Tip: Bodybuilder Reg Park (Arnold Schwarzenegger’s idol) recognised many decades ago that there was value in taking lay-offs from heavy resistance training loads. While this may be a bitter pill to swallow for those competing in strength sports, it shouldn’t be so hard to swallow for those for whom long-term health is a consideration. Breaks from high volumes of resistance training, coupled with a healthy respect for flexibility and nutrition should provide a recipe that can mean making weight training a lifelong pursuit. Similarly, so many people ignore the signs of poor joint health and continue to load joints through a fear of ‘letting go’ of their strength training schedule. Stretch tight areas, improve range of movement, and allow rest and recovery when joints start to tell you that they need a break. Activities like yoga, Pilates, and tai chi can be a fantastic balance for heavy resistance training.
The digestive system is a powerful window into our health. Modern research is identifying the role of the various elements of gut health that can even start to show links between digestive flora and obesity and we all know the effects that stress, anxiety, or excitement can have on our stomachs. Our digestion can also suffer when confronted with foods that provide a greater challenge than it was originally designed for. Diets high in wheat, gluten, refined/processed foods, all increase the burden on the gut to effectively break down and absorb nutrients, which can affect everything from our mental health (95% of our serotonin is found in the gut) to simply cramping our social life when suffering from bloating and stomach ache. It isn’t just our diet either that can cause digestive problems. Prescription medication often has detrimental impacts on gut health, ranging from the damage caused by NSAIDS to our stomach lining to the effect of antibiotic use on digestive flora.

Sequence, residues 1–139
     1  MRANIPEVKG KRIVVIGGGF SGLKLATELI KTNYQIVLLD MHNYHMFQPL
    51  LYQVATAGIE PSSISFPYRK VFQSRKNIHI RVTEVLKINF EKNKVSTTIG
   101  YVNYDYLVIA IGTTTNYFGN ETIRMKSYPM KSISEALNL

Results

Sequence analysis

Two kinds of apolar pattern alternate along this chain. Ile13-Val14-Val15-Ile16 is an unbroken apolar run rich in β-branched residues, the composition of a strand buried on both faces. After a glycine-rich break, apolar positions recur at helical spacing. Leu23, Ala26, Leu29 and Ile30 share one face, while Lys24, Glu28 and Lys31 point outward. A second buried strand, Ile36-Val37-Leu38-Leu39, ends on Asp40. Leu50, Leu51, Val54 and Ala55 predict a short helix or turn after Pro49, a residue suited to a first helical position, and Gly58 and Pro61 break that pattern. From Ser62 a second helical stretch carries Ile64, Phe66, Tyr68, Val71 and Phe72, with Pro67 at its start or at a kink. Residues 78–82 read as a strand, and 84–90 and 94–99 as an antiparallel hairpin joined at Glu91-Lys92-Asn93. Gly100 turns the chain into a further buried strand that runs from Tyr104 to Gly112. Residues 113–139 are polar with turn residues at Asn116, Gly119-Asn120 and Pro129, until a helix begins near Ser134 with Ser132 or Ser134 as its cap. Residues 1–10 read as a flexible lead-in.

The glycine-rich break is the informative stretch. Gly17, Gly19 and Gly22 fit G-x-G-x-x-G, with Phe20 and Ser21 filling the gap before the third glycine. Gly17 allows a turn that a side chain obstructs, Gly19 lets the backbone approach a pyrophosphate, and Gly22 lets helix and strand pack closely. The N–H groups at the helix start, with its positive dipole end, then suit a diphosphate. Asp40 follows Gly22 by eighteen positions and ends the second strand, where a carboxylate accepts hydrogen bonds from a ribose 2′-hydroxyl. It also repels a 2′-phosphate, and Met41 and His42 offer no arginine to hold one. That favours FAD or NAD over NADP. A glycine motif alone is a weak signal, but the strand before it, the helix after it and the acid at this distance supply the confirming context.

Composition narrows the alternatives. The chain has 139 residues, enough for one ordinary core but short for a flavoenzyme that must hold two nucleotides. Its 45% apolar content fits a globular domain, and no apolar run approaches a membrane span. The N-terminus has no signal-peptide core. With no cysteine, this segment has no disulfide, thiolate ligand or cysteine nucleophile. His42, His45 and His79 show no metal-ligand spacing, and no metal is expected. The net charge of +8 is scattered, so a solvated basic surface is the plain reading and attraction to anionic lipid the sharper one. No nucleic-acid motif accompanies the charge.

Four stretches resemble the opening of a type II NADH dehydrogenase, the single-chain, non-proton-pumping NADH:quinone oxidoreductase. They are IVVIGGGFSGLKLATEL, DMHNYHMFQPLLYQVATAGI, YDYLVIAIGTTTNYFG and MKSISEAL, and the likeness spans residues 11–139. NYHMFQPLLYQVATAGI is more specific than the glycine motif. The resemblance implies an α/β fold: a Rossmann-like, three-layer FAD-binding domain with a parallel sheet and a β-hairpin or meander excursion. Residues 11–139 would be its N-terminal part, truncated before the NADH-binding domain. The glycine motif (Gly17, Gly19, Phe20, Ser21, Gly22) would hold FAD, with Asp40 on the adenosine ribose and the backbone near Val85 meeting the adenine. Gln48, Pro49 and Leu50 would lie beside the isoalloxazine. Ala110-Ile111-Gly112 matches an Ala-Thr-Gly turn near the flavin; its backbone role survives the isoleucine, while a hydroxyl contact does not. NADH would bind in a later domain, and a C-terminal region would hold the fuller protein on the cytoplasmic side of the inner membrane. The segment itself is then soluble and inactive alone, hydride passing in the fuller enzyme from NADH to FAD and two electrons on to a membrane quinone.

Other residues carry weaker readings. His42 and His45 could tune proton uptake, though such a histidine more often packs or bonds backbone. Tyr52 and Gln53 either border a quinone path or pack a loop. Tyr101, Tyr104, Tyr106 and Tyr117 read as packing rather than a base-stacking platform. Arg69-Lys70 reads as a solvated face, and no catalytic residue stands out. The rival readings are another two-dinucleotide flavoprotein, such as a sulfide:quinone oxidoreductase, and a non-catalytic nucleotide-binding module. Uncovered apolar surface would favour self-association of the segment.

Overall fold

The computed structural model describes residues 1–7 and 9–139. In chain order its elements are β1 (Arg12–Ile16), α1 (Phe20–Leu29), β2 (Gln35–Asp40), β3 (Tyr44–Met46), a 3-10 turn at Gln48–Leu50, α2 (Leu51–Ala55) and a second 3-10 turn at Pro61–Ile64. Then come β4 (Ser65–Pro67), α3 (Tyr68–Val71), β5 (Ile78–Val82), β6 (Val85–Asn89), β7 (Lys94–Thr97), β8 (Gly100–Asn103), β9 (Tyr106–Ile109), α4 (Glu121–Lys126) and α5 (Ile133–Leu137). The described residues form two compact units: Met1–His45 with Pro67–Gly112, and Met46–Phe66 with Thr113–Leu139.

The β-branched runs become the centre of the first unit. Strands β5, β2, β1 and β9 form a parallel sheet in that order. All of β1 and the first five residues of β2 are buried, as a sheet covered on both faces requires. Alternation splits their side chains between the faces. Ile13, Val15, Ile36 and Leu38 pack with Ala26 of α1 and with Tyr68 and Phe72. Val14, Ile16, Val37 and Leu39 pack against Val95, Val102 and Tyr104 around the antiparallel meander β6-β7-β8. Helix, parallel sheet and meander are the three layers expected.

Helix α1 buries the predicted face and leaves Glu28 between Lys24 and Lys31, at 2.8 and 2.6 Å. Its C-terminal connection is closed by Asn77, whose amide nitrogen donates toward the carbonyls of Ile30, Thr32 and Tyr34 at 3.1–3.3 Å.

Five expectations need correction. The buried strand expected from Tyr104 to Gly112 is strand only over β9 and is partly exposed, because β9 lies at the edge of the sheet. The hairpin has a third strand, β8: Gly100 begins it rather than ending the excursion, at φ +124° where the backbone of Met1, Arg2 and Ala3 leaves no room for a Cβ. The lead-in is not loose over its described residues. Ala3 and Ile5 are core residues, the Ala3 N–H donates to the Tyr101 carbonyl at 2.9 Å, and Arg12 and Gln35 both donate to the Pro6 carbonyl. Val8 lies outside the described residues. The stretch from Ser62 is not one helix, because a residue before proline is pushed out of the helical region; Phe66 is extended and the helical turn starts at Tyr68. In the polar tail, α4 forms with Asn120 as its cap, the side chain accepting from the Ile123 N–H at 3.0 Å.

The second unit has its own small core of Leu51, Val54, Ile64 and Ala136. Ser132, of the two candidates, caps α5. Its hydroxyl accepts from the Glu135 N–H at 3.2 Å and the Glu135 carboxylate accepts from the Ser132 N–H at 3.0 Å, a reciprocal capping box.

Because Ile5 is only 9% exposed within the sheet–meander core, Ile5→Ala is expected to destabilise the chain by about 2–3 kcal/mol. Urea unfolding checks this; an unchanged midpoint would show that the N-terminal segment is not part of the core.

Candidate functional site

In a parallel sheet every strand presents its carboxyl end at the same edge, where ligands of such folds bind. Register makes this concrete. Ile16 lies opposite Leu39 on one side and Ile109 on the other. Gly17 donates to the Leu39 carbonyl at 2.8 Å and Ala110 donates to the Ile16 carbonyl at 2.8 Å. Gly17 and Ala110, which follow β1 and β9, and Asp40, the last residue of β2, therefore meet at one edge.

Tip: If you suffer from poor gut health then an elimination diet can be a useful way to determine what causes you problems. Taking out key troublemakers such as high wheat foods can often have an immediate impact on improving digestion. Often including foods like pears, nectarines, and prunes can help smooth digestive transit along with a good intake of water. Try to avoid using over the counter medication where possible, in particular known gut irritants like Ibuprofen.
With so many of our clients attending regular health screenings and operating in high stress environments it would be foolhardy to be ignorant of metabolic markers of health. From aerobic capacity through to blood lipid levels, these tests can provide insights into the possible risk of long-term health problems. Cholesterol still seems to be predominant spectre of impending doom, though I am less convinced by its importance, particularly with some of the levels our clients are being told are ‘unhealthy’ seem to be getting lower and lower each year. It is a shame that these medicals give little attention to measures of inflammation and blood triglycerides, which to me would seem more pertinent as the paradigm surrounding heart disease risk gradually starts to shift. Aside from that debate, blood pressure, waist circumference, and resting blood glucose provide an excellent insight into our clients health and we have consistently seen these drop markedly in our clients with a bit of attention to diet, a reduction in alcohol intake (note total abstinence not required), and the addition of some cardiovascular exercise, which our clients enjoy both the physical and psychological benefits of despite its vilification in recent times by countless fitness experts and personal trainers.